The clinical significance of white coat hypertension is still uncertain. We aimed to evaluate children with white coat hypertension regarding their clinical, laboratory characteristics, evidence of target organ damage and compare them to normotensive and hypertensive children.
Fourty patients diagnosed with white coat hypertension, 40 patients with primary hypertension and 40 normotensive children of similar age, gender and body mass index were included in the study. Ambulatory blood pressure monitoring and echocardiographic examination were performed to all children. Clinical and laboratory characteristics were noted.
All ambulatory blood pressure monitoring parameters, except night-time diastolic blood pressures and loads, were significantly higher in patients with white coat hypertension compared to normotensive ones. Left ventricular hypertrophy was 35% in the primary, 15% in the white coat hypertension group, and no left ventricular hypertrophy was detected in normotensive patients. No significant difference was found between 3 groups in terms of proteinuria or retinopathy.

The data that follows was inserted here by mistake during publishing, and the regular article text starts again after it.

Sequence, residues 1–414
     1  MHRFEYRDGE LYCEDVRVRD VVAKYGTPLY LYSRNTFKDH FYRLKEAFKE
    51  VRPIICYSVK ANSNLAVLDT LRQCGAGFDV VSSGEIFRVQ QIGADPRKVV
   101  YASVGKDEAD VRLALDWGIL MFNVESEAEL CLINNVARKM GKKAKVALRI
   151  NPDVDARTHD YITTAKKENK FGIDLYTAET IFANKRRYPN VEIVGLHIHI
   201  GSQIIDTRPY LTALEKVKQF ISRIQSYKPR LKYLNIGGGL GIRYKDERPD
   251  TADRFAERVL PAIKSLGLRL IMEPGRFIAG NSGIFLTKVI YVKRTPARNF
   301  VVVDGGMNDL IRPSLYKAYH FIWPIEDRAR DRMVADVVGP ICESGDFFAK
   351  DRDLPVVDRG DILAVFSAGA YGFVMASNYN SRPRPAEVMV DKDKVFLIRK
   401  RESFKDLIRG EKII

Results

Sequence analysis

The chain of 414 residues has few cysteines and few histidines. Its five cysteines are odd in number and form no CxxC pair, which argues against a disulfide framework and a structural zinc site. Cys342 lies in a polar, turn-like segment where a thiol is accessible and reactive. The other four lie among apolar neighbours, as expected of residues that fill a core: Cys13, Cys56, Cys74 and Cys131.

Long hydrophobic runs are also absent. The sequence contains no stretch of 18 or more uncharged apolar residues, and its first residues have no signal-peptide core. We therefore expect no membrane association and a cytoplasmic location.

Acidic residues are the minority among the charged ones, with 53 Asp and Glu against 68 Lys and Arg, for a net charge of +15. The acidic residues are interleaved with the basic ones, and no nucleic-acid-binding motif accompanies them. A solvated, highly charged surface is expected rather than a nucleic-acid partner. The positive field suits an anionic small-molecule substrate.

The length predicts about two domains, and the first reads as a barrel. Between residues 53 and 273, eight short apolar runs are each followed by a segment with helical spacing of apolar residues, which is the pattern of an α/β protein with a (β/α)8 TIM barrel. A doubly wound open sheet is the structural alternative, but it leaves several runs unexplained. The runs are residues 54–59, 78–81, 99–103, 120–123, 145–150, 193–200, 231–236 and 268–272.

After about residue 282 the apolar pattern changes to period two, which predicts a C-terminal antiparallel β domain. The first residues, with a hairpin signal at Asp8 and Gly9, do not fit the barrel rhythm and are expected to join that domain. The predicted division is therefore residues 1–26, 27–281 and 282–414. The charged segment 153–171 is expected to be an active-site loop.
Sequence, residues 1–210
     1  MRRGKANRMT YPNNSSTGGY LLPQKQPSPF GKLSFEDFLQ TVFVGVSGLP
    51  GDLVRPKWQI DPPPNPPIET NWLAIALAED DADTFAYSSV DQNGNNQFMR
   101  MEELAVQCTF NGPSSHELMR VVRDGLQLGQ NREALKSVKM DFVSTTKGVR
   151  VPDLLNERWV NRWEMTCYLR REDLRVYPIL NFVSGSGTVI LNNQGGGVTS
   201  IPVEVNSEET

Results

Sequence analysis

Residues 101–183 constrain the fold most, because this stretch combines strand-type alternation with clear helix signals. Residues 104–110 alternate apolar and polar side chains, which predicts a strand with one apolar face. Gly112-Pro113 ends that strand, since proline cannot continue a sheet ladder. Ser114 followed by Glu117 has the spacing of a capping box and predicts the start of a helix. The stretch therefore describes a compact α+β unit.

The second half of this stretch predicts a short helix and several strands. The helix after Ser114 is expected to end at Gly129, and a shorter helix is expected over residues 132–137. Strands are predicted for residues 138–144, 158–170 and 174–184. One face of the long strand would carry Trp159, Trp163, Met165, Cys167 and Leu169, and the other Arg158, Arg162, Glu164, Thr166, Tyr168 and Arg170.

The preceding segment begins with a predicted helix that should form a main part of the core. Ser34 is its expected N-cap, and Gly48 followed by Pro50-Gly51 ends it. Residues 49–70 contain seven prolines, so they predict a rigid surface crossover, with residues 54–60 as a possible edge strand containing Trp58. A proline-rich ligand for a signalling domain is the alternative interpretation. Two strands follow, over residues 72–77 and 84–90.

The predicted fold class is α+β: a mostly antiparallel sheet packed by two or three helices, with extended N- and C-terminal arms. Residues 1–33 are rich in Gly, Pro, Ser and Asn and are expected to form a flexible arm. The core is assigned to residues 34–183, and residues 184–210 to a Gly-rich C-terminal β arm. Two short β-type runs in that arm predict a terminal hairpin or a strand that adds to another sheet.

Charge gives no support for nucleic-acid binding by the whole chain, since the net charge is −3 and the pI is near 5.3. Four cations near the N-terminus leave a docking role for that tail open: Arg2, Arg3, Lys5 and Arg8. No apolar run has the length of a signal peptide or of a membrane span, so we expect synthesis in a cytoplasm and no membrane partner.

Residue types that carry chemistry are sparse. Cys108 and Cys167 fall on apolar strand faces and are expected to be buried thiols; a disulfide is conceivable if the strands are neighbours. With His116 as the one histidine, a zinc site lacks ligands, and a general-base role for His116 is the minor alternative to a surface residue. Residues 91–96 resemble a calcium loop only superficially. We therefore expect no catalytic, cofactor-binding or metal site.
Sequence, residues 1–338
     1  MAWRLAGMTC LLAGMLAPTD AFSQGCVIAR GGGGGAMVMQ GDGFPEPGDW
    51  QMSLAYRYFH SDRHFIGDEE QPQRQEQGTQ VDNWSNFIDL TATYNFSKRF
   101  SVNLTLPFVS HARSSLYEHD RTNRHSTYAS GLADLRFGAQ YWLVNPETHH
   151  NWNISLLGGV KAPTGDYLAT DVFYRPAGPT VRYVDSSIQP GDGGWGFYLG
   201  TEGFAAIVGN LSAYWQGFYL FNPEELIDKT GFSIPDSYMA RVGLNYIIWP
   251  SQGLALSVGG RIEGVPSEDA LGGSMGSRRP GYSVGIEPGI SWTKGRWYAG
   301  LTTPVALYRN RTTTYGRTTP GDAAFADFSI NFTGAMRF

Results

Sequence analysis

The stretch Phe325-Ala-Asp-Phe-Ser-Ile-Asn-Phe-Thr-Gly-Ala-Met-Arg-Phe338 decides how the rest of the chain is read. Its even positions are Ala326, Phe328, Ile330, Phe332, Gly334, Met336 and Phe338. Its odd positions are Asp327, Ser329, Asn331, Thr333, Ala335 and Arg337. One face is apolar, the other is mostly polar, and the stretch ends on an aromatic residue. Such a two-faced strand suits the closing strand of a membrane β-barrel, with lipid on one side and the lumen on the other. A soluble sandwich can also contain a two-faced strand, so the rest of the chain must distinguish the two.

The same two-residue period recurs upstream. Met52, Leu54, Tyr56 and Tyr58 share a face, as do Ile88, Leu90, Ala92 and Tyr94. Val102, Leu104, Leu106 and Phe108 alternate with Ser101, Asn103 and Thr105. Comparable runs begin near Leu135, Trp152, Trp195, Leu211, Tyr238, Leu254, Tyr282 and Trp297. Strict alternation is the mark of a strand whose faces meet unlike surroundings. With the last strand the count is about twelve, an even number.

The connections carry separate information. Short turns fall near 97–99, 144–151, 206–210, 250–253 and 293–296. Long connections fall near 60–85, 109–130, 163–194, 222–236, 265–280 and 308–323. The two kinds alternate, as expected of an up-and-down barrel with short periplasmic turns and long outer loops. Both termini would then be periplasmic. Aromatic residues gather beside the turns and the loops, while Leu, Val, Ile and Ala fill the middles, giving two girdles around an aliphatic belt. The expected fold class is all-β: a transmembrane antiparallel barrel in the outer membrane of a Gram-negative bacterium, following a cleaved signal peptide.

Children diagnosed with white coat hypertension had ambulatory blood pressure monitoring measurements and left ventricular mass index values smaller than patients with primary hypertension but more than normotensive children. Echocardiographic changes might suggest that white coat hypertension can be associated with target-organ damage.